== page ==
MSU varieties top-planted wheat crops in Montana

Jenny Lavey
MSU News Service
A farmer near Great Falls inspects a mid-summer wheat crop. MSU photo by Kelly Gorham.
Kelly_Gorham |

Montana farmers planted wheat varieties developed by the Montana State University Montana Agricultural Experiment Station (MAES) more than any other variety in 2015, according to the United States Department of Agriculture.

USDA statistics show that Montana planted 5.8 million acres of wheat this year, with 2.2 million acres of spring and winter wheat varieties developed by MAES. MSU wheat varieties accounted for approximately $500 million of $1.2 billion wheat sold by Montana farmers in 2015, according to MSU wheat breeding specialists. Some wheat varieties developed by MSU are sold by private companies. Montana exports 20 percent of agricultural products as foreign exports and 75 percent of its wheat to Asian markets, according to the USDA.

“This data clearly demonstrates that our producers and consumers value wheat varieties developed by Montana State, and that these varieties bring enormous value to the Montana and global economy,” said Charles Boyer, MSU vice president of agriculture. “Our faculty scientists have deep experience, which provides the foundation for developing varieties that meet challenges and desires not only of Montana grain growers, but to the world market as well. Our university breeding program is vital to the state’s highest-grossing industry, and we’re committed to working with and alongside our producers for a robust grain industry in Montana.”

Montana producers choose to plant MAES varieties because they are specifically adapted to Montana’s climate and several are resistant to common diseases and pests found statewide, said Barry Jacobsen, associate director of MAES.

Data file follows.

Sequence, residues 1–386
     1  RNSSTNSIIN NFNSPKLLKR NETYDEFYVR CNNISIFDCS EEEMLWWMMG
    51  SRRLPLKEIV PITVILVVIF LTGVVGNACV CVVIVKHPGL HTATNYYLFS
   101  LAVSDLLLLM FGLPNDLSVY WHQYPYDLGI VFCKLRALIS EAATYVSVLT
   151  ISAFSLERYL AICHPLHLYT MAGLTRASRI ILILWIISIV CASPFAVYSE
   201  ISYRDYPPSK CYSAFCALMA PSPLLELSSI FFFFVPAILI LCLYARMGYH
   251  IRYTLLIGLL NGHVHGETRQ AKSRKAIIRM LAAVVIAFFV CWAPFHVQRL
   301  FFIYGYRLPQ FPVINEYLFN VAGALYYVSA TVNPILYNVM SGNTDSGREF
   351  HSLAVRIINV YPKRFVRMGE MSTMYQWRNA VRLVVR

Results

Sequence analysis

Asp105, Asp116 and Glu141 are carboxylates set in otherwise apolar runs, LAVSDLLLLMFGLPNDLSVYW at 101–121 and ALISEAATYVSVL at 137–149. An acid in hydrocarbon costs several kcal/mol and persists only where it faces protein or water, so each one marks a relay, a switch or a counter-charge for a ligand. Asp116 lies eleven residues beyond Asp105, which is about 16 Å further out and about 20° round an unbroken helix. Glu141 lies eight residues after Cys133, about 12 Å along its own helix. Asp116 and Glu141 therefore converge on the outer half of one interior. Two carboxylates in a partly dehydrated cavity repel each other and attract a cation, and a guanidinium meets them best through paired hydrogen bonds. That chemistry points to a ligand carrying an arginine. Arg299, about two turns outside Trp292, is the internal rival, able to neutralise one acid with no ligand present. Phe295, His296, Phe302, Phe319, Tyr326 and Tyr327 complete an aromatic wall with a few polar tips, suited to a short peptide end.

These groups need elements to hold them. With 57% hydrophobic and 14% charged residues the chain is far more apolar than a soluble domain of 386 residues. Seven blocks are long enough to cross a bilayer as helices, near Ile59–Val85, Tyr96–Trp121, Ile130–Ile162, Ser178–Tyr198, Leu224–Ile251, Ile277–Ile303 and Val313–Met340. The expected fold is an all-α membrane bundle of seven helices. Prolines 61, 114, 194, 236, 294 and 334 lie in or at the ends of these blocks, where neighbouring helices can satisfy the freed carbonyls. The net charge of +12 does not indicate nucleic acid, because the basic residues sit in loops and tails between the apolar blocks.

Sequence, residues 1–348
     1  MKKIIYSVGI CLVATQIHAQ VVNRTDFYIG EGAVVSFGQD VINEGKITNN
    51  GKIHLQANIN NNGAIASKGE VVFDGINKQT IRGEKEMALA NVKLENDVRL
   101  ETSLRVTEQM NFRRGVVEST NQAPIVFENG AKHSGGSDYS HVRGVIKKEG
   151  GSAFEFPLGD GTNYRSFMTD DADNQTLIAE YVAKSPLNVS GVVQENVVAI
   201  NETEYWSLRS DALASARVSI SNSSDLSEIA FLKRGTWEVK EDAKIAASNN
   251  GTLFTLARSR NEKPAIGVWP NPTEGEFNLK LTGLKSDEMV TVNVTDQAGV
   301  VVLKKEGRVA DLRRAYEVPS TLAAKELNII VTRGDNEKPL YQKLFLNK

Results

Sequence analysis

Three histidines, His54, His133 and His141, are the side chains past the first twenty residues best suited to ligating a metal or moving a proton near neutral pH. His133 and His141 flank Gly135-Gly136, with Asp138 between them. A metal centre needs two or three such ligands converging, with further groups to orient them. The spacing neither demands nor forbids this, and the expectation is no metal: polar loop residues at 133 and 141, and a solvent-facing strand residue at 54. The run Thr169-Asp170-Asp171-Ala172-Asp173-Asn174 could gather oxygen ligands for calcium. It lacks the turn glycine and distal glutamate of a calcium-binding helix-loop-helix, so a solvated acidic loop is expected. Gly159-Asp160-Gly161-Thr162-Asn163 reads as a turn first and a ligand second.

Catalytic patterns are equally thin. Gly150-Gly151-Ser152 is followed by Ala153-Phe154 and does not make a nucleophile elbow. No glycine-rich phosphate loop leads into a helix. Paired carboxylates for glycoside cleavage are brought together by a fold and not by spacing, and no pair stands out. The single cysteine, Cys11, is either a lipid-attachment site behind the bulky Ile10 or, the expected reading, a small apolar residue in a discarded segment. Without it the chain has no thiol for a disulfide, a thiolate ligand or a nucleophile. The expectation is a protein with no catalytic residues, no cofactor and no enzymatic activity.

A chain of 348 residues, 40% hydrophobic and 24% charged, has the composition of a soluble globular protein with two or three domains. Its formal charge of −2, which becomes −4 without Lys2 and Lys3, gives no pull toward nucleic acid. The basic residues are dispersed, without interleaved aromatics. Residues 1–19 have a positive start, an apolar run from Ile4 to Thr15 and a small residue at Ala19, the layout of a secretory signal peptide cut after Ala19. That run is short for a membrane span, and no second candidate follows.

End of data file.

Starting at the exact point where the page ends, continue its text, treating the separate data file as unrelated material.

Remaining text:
“Our breeding program develops varieties that are specifically bred for Montana’s climate and pests, while at the same, they are high-yield, high-protein and have exceptional baking quality, so they perform well for our growers and customers,” Jacobsen said. “Our varieties also have consistent protein content and noodle and bread making qualities, so desired by our global markets.”

According to the USDA, Montana is the fourth-highest state for total planted wheat in the country, fifth in the nation for winter wheat production and the second-largest spring wheat producer in the country.

2.4 million acres of winter wheat were planted across Montana this year. MAES winter wheat varieties accounted for 59 percent, or 1.4 million acres of total planted winter wheat acreage across the state. The top-seeded varieties were Yellowstone, Judee and Decade, respectively.

2.6 million acres of spring wheat were planted across Montana this year, with 32 percent, or 810,000 acres, seeded with a MAES-developed spring wheat variety. For the fifth year in a row, Vida, a hard-red spring wheat developed by MAES, was the most commonly planted spring wheat across the state. Vida accounted for 16.8 percent of all planted spring wheat in 2015, while additional MAES spring wheat varieties accounted for 13.2 percent.

The Montana Agricultural Experiment Station and the MSU College of Agriculture Department of Plant Sciences and Plant Pathology host a world-renowned plant breeding program that emphasizes both traditional and molecular approaches in plant breeding and genetics that emphasizes high yields, pest resistance and high quality. More information about the breeding program is available at